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Workers' organization in the informal sector

Final Report Summary - INFOWORK (Workers' organization in the informal sector)

Final report

There is an increasing separation between the reality of work and employment worldwide and academic studies of this. In a context in which precariousness and informalization of working conditions and the dismantling of the welfare states are becoming the pivots around which capital accumulation relies, studies in the fields of industrial relations and the sociology of work remain attached to the idea of a regulated and orderly system of employment relations. In terms of workers’ representation, trade unions continue to be the reference point for research, despite their worldwide decline. Starting from this evident discrepancy between social reality and academic and political interpretation of it, the research underpinning this project has aimed to study the organizational processes of precarious sector workers, by focusing on the city of Buenos Aires, a paradigmatic example of the informalised employment pattern of the global cities. How does, a group of unprotected, unorganised and, often, for the nature of their work, geographically dispersed workers build collective organization? What resources are available to them? What conditions can favour their association? How does the socio-political and institutional context play in shaping the forms and timing of precarious workers’organisations?

Considering these aims, in the project three interrelated objectives/activities have been set and implemented.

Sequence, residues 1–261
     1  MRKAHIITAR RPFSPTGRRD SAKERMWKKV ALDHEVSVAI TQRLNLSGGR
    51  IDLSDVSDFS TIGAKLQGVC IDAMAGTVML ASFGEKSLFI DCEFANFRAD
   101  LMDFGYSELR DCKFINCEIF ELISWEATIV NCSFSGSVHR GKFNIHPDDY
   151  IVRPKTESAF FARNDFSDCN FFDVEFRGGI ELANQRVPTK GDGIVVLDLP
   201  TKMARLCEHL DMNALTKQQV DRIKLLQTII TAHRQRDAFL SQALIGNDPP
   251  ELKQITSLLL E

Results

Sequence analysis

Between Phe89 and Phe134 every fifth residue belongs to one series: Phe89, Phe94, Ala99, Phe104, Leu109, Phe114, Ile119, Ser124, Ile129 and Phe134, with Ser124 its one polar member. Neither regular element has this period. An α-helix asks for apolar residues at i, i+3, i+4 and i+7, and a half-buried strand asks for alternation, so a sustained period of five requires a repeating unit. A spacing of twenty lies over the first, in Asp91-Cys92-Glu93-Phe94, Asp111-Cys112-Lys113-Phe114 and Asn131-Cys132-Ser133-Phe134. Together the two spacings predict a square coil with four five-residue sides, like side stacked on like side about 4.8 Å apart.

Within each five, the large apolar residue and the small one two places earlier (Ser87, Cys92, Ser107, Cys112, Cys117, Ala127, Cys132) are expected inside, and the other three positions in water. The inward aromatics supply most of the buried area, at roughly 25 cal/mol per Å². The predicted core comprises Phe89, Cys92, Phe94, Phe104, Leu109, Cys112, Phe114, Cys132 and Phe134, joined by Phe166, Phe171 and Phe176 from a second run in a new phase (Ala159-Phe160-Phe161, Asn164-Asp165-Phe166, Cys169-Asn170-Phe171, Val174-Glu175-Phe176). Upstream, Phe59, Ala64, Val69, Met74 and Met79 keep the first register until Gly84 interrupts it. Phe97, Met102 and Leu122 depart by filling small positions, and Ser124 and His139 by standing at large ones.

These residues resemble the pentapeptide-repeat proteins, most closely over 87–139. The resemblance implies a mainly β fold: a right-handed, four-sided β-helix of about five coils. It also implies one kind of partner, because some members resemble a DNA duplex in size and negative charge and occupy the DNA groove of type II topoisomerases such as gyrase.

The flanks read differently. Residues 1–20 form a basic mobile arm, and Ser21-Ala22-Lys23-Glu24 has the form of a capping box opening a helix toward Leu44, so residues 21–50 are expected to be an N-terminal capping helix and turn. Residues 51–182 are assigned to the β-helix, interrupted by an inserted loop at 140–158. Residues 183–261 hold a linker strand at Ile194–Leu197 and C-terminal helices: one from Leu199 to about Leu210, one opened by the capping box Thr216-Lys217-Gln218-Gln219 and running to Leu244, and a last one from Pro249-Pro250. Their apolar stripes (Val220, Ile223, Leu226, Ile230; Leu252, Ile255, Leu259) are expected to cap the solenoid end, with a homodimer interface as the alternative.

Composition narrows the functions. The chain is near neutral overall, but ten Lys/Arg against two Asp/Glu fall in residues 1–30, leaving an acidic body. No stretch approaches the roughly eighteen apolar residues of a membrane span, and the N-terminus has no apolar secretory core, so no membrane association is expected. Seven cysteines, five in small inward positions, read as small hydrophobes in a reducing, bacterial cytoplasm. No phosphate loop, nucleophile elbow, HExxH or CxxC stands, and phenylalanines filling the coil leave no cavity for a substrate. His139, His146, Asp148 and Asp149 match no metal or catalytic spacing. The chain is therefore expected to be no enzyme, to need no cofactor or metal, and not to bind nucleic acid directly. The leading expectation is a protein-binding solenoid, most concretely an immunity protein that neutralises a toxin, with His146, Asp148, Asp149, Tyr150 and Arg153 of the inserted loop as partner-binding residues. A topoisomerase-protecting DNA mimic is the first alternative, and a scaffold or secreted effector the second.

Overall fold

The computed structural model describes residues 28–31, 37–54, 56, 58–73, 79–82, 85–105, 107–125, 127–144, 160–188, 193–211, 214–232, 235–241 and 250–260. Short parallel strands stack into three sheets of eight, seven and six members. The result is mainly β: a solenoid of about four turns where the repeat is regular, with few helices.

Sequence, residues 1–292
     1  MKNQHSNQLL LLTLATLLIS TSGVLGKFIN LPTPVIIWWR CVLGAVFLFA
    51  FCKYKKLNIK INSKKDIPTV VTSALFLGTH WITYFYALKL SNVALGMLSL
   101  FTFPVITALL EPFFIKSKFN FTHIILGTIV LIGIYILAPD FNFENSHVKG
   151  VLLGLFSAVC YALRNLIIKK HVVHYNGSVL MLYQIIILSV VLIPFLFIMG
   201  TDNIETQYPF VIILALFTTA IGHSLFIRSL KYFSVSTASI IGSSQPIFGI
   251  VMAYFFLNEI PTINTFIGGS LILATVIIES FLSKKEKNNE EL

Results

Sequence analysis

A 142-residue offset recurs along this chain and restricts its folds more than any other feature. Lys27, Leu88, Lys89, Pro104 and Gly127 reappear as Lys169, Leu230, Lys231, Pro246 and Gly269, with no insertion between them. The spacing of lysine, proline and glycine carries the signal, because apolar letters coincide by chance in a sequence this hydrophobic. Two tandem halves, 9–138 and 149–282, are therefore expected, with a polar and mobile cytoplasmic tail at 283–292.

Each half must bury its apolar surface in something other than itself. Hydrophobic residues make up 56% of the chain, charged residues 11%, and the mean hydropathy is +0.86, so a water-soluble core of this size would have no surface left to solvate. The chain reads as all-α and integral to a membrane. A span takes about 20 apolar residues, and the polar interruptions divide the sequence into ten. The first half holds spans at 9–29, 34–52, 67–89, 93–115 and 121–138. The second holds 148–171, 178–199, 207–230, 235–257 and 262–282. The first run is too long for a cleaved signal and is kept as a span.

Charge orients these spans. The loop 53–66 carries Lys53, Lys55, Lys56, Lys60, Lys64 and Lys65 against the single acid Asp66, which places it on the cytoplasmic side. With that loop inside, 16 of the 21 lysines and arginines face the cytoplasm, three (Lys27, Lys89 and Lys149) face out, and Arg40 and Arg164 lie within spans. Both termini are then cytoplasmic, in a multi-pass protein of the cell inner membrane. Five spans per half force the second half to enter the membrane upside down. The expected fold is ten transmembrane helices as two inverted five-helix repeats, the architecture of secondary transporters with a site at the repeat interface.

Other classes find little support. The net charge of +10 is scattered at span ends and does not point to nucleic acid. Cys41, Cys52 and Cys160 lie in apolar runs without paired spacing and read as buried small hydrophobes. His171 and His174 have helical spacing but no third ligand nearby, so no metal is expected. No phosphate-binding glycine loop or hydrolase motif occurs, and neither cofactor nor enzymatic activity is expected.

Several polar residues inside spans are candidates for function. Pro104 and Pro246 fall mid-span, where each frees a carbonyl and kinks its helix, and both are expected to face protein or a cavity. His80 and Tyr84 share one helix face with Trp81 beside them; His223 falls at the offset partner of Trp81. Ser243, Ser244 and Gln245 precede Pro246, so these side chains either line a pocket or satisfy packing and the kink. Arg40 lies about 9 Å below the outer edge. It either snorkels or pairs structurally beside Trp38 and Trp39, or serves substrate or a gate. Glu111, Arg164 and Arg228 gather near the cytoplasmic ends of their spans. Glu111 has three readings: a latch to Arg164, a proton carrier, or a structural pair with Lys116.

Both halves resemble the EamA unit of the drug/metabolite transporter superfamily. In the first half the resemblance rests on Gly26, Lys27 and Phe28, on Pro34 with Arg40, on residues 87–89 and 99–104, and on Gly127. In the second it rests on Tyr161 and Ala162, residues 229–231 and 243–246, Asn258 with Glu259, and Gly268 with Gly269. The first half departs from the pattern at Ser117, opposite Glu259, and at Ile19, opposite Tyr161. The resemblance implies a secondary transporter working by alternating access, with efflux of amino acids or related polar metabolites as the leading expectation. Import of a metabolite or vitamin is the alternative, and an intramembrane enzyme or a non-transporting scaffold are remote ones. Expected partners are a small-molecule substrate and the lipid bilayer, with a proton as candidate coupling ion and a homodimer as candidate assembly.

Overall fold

• Theoretical objectives and activities
This first activity has concerned an investigation into theoretical approaches to labour and labour relations from interrelated disciplines and a reflection on how these could be integrated and used to account for the cases analysed. This activity has, on the one hand, provided the basis for the empirical part of the project, helping to frame the research questions, and, on the other hand, has led to the publication of an edited book ‘Workers and Labour in a Globalised Capitalism: theoretical issues and current perspectives’. This book, that has been published in December 2013 by Palgrave as a research based textbook in the prestigious Management, Work and Organisation Series, represents one of the first attempts to nurture the field of industrial relations with theoretical insights coming from interrelated disciplines. Studies on global labour history, on the role of women in the work of social reproduction and social anthropologists studies on work and value, for instance, criticizing the traditional focus of the labour relation literature on the waged and formally employed workers, all converge on the view of enlarging and broadening the subject of study of labour relations to categories of workers traditionally excluded (Further details of the book can be found at http://www.palgrave.com/products/title.aspx?pid=513303). Following these lines of inquire, a call for paper in the journal Working USA and conference streams have been organized, http://www.ilpc.org.uk/Portals/56/ilpc2015-docs/ilpc2015-s1-precarious-work-workers-resistance.pdf;
https://isaconf.confex.com/isaconf/forum2016/webprogrampreliminary/Session5686.html